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Stuffed, Locally: Events Aim to Show Value of Locally-Produced Foods

By Jenni Simcoe
Published: Wednesday, October 06, 2010, at 01:53PM
Chef Christian Page of Daily Dose Stephanie Pick Photography

Chef Christian Page will be opening Daily Dose in the Biscuit Lofts later this month.

The DJ spinning tunes at Saturday’s Livin’ la Vida Local event didn’t play the obvious—Ricky Martin’s anthem to ‘living the crazy life’. He carefully chose a mix of melodies to harmonize with chef Christian Page’s locavore food—living the local life.

Page, along with Sarkis Vartanian, is slated to open Daily Dose, a locavore bistro, in the Biscuit Company Lofts later this month. The communal table event was a FoodStuff LA installment by Pedal Patch Community.

Chef Page delivered on the promised locavore diet, sourcing everything from within 100 miles. The event had been slated to introduce both veteran and first-time locavores to Gertrude and Betsy, two local hens that produce eggs, but the hens took a ‘rain-check’ due to rain in the forecast.

The menu included heirloom tomatoes in a garden herb vinaigrette, roasted fingerling potatoes, Delmonico steaks, and Mock & Petite tender with Hungarian white pepper sauce and ground chuck sliders with local cheddar, house pickles and made-from-scratch ketchup.

“I love doing small communal dinners because I get to really interact with people much more intimately,” said Page. “I get to really share the story behind the food which I hope makes the experience more meaningful for them.”

Page brought in his rancher, John DeBruin of DeyDey’s Best Beef Ever, to talk about the benefits, freshness and quality of local grass fed poultry and beef, and his produce supplier, Randal St. Clair of Capay Organics to share information about organic farming and hand out goody bags of heirloom tomatoes and grapes, picked fresh from the farm.

“I wanted to bring John and Randal as a way to get people involved in sourcing what they eat. My hope is that the diners will want to be part of the locavore movement,” Page explained.

“The main health benefit to eating grass fed beef as opposed to grain fed beef is that you get Omega 3 and Omega 6, the healthy fats, in a ration of one to one, which is the way our bodies need it,” said DeBruin, pointing out that grass fed beef is also higher in vitamins A, E and D. “When eaten in a healthy diet, these vitamins are distributed the way nature intended. Taking supplements of the same vitamins can not only be less effective, but in some cases toxic.”

St. Clair also touted the benefits of eating locally. “I think one benefit of eating a locavore diet that often gets overlooked is the health of our workers. In traditional farming, they are exposed to dangerous chemicals and pesticides and have to wear a full haz-mat type of suit. With organic gardening, we put the health of our workers in the forefront, just as we do the health of those who choose an organic diet,” said St. Clair.

“What I really liked about Christian’s menu on Saturday evening was the variety of methods of preparation he used to showcase the flavors of the beef,” said DeBruin. “He was able to introduce the commonality of the flavor across a variety of cuts of beef.” Page used a chuck roast, brined in chocolate and coffee, to make a corned beef that he served with sautéed kale. “He really showed that whether you are using filet or ground beef, if you have grass fed beef with good marbling, you can really taste the flavor of the beef,” added DeBruin.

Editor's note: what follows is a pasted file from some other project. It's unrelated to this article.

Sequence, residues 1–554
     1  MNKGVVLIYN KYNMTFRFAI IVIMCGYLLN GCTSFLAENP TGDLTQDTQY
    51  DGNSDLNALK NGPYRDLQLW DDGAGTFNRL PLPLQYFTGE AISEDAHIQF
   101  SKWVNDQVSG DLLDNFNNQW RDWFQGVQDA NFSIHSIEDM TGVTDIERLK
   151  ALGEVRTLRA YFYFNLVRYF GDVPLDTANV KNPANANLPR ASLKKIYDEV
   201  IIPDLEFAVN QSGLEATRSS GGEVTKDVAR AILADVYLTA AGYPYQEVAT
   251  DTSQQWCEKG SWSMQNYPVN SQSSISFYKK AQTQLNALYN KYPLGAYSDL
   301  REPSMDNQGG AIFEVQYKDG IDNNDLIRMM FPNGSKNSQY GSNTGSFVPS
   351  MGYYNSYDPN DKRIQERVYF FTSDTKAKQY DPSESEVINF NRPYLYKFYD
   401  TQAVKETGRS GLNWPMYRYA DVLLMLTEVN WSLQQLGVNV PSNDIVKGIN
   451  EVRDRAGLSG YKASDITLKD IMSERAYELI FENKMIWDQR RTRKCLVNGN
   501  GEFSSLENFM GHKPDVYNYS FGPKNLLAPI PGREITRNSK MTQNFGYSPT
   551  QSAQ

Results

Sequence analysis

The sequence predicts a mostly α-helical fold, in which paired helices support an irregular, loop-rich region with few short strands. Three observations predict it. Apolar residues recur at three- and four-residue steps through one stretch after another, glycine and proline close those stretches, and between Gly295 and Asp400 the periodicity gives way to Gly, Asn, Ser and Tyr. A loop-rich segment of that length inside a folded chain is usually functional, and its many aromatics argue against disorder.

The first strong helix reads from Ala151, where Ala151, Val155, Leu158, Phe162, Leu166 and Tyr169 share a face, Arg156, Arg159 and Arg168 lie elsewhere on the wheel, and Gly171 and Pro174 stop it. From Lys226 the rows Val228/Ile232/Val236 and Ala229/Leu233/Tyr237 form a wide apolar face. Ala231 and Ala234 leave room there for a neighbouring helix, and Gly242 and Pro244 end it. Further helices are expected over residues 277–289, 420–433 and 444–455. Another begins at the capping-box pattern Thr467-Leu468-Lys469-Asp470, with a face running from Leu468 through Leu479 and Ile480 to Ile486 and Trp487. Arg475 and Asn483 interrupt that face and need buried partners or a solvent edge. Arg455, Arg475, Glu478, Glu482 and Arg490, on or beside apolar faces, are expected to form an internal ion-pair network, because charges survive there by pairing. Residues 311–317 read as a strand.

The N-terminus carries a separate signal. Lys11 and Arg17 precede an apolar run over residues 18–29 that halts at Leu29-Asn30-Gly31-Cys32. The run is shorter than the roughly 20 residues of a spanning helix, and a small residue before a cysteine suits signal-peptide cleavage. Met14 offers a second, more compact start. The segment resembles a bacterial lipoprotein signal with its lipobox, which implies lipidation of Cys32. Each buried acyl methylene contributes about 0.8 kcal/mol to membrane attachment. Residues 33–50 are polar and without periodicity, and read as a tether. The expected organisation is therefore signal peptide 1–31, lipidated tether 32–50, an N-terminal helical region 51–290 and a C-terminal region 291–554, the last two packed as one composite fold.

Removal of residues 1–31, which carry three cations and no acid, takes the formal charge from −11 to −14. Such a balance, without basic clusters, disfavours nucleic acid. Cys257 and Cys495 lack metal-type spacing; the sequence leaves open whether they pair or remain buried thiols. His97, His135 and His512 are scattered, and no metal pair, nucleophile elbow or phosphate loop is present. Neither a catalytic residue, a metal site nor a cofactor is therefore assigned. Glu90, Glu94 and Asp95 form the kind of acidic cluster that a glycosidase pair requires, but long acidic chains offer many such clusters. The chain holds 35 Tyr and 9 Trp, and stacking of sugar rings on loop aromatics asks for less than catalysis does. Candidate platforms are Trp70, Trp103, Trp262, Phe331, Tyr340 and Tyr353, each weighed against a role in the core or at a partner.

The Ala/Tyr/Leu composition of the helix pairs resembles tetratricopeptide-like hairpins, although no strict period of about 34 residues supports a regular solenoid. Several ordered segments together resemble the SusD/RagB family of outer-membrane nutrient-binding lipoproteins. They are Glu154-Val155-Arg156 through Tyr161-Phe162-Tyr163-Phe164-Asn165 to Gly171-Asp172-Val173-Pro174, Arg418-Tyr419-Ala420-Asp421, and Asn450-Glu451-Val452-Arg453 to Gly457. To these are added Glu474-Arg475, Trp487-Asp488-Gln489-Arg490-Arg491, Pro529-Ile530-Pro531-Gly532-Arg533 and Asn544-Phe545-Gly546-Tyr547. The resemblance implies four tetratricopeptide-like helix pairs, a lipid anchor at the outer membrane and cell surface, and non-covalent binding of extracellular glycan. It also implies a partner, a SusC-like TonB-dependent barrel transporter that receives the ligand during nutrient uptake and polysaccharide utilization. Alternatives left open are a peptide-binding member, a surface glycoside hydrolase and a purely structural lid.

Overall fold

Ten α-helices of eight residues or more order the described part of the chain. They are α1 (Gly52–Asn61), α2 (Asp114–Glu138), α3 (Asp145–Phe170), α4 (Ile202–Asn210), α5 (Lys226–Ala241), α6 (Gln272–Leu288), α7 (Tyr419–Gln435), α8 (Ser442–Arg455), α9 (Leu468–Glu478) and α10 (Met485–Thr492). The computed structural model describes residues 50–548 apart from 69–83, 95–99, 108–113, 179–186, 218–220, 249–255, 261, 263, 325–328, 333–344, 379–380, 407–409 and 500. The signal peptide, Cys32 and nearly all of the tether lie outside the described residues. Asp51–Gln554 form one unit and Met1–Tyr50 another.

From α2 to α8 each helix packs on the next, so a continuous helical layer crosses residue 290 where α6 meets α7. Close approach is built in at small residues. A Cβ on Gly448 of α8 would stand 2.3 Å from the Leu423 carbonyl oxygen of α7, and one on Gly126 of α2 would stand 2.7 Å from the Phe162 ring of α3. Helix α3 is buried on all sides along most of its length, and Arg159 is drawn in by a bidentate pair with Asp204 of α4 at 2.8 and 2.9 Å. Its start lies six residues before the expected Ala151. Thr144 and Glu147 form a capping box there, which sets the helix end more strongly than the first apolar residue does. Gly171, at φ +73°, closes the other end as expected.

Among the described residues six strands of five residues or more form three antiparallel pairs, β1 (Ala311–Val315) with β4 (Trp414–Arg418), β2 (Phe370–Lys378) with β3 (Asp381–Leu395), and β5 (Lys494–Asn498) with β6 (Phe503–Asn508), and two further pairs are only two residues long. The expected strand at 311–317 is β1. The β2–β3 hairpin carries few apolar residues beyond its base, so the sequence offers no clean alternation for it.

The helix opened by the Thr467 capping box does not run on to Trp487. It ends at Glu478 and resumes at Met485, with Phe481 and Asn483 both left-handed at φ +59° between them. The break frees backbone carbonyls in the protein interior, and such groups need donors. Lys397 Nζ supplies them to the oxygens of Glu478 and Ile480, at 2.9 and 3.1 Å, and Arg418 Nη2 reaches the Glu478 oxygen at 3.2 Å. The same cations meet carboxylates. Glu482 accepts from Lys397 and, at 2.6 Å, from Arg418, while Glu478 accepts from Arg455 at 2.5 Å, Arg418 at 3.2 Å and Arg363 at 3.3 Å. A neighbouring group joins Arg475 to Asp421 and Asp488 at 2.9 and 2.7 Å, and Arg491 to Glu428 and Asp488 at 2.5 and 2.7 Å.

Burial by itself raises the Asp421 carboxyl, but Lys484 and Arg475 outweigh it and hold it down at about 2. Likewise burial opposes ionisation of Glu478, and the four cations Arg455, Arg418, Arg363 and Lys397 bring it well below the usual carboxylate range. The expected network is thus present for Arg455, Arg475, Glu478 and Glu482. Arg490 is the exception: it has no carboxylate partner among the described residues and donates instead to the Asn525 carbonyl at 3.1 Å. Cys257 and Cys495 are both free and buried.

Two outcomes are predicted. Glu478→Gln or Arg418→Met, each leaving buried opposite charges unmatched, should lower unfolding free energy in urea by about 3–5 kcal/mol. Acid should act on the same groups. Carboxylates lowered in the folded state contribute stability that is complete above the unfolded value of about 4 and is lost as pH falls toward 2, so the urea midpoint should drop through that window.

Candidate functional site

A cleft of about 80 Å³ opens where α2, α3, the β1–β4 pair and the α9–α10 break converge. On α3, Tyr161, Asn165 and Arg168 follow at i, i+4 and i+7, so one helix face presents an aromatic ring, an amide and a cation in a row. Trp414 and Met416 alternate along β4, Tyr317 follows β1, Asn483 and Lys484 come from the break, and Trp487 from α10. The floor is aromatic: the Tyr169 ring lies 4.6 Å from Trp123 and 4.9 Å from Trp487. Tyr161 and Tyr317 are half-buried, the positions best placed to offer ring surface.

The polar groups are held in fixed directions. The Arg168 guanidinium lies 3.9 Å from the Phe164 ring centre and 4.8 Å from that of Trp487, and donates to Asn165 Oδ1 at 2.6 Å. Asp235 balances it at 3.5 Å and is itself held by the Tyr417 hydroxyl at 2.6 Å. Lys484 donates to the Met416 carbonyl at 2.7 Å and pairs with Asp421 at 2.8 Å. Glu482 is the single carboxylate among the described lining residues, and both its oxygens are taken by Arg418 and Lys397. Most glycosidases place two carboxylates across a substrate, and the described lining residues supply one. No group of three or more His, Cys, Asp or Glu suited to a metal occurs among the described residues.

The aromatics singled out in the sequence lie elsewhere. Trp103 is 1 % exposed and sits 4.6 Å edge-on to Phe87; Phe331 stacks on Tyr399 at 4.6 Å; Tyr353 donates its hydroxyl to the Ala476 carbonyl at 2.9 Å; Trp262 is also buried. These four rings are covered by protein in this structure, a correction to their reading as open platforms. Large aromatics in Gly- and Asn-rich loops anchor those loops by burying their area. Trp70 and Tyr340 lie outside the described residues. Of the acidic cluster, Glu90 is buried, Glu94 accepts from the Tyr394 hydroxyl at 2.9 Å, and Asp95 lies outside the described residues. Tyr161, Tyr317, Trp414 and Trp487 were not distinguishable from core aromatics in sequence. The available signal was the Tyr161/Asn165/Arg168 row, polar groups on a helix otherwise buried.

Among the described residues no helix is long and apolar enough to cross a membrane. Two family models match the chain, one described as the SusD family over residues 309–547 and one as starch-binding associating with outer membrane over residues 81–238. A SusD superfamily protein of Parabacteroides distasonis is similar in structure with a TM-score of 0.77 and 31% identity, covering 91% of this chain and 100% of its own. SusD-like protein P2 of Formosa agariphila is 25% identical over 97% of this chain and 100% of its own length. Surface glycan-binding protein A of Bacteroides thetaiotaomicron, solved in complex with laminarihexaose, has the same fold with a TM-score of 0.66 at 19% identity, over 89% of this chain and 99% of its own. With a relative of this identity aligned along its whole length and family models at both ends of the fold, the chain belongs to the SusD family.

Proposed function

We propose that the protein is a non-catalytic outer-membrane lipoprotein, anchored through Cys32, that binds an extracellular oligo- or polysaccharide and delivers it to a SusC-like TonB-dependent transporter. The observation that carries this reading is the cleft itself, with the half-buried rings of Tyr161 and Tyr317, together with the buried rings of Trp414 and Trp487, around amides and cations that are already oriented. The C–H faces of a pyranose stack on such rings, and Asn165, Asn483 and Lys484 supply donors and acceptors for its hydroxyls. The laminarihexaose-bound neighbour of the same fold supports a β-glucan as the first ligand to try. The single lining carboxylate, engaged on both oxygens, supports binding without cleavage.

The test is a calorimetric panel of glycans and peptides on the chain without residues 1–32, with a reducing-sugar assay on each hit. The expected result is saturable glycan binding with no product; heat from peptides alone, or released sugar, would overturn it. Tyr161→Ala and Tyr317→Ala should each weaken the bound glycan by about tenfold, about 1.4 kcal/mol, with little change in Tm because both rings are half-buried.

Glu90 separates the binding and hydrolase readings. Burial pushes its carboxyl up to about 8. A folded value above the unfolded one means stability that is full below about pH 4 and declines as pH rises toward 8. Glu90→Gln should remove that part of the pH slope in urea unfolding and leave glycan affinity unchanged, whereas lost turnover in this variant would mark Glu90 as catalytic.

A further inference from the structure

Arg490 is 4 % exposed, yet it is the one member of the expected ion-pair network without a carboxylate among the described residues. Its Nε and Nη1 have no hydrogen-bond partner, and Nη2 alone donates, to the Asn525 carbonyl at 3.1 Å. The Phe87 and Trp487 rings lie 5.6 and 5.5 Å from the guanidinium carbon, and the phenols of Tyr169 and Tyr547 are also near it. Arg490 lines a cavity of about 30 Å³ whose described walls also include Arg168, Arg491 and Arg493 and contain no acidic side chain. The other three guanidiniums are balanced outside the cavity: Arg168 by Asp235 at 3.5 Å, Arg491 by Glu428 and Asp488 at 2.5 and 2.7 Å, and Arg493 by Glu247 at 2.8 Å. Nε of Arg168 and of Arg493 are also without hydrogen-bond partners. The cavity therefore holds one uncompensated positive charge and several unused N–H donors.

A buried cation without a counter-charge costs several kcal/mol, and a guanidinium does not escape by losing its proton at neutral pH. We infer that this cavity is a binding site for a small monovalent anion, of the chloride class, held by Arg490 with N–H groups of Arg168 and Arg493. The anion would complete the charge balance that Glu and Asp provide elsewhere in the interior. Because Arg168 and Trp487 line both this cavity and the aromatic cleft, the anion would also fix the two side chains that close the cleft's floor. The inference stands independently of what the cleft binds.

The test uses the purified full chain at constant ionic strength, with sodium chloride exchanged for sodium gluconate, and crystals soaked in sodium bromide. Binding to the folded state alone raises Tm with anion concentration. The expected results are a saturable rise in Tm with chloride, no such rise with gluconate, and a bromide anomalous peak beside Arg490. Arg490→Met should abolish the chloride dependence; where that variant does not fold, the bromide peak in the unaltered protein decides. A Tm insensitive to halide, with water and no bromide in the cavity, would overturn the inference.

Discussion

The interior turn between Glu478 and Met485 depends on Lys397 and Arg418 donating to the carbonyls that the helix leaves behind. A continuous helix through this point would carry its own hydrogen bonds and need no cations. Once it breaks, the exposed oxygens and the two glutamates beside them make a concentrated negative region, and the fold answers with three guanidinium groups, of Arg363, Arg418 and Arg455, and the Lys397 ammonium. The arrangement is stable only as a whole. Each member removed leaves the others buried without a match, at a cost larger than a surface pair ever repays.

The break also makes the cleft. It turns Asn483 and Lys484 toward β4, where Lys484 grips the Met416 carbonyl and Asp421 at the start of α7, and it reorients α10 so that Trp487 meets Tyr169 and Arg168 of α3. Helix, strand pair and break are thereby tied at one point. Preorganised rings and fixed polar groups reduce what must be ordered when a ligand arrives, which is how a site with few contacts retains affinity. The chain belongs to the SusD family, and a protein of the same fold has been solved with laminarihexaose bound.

The event was held in the Toy Factory Lofts office of Pedal Patch Community, a non-profit foodie group that uses events and projects to help build healthy, sustainable, urban communities one ‘patch’ of turf at a time.

“In America, our food travels an average of 1,500 miles before ending up on our plates,” said Jason Eugene Boardé, the group’s executive director. Boardé says that this globalization of food causes serious consequences to the environment and our health. The next Foodstuff LA event will be held on Saturday, October 16, at Swill Automatic, a new wine bar also opening in the Biscuit Lofts.

The theme, Biodynamic Farming & Wine, will offer tastings of biodynamic wines from Napa, Sonoma and France. Elizabeth Candelario of Demeter will be in attendance to teach wine enthusiasts why Biodynamic, aka ‘Bio Ag,’ is all the rage among vintners.

‘Bio Ag’ is a method of organic farming that treats farms as unified and individual organisms, emphasizing and balancing the holistic development and interrelationship of soil, plants, and animals as a self-nourishing system without external inputs-true sustainable farming.

To get tickets or more information about FoodStuff LA’s biodynamic wine event, go to

You don’t have to have the resources of a professional chef to find good local produce and eat a 100-mile diet. Check out these certified farmers markets around Downtown to find the best local, seasonal produce. ‘Certified’ farmers markets are inspected by the Department of Agriculture to ensure that all produce sold at the market is California-grown.

Pershing Square
532 S. Olive

THURSDAY, 11:30am-3pm
7+Fig Farmers Market
7th & Figueroa

THURSDAY 10am-2pm
Arts District/Little Tokyo Farmers Market
City Hall; 200 N. Spring

FRIDAY, 11am-3pm
Bank Of America Plaza
333 S. Hope

If you can’t make it to a Farmers Market during the day because of your work schedule, these are worth the trip to check out:

South Pasadena Farmers Market
Mission Street exit of the Gold Line

FRIDAY, 3-8pm
Boyle Heights Farmers Market; Gold Line at Mariachi Plaza

SATURDAY, 7:30am-1 pm
Pasadena Certified Farmers Market
2575 Paloma St, Pasadena 
(A mile from the Sierra Madre Gold Line Station)
DeyDey’s Best Beef Ever is sold at this market


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